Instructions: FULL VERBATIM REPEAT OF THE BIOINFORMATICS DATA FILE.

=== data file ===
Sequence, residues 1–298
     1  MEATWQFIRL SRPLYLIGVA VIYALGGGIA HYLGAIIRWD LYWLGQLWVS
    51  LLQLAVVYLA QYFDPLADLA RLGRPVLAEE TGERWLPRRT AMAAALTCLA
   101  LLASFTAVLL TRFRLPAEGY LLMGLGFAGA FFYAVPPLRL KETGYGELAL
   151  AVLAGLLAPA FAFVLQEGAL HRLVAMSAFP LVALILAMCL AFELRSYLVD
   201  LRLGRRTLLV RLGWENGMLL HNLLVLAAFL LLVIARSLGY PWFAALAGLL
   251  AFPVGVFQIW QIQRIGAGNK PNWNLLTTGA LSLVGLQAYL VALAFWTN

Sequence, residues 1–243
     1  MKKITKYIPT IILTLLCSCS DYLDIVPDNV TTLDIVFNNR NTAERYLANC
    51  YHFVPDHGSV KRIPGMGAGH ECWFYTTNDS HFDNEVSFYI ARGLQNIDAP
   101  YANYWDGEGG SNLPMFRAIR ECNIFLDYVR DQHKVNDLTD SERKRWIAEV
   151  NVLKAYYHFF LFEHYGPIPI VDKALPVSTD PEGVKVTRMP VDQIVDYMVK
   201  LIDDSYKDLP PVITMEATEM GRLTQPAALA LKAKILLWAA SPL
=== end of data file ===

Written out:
Sequence, residues 1–298
     1  MEATWQFIRL SRPLYLIGVA VIYALGGGIA HYLGAIIRWD LYWLGQLWVS
    51  LLQLAVVYLA QYFDPLADLA RLGRPVLAEE TGERWLPRRT AMAAALTCLA
   101  LLASFTAVLL TRFRLPAEGY LLMGLGFAGA FFYAVPPLRL KETGYGELAL
   151  AVLAGLLAPA FAFVLQEGAL HRLVAMSAFP LVALILAMCL AFELRSYLVD
   201  LRLGRRTLLV RLGWENGMLL HNLLVLAAFL LLVIARSLGY PWFAALAGLL
   251  AFPVGVFQIW QIQRIGAGNK PNWNLLTTGA LSLVGLQAYL VALAFWTN

Sequence, residues 1–243
     1  MKKITKYIPT IILTLLCSCS DYLDIVPDNV TTLDIVFNNR NTAERYLANC
    51  YHFVPDHGSV KRIPGMGAGH ECWFYTTNDS HFDNEVSFYI ARGLQNIDAP
   101  YANYWDGEGG SNLPMFRAIR ECNIFLDYVR DQHKVNDLTD SERKRWIAEV
   151  NVLKAYYHFF LFEHYGPIPI VDKALPVSTD PEGVKVTRMP VDQIVDYMVK
   201  LIDDSYKDLP PVITMEATEM GRLTQPAALA LKAKILLWAA SPL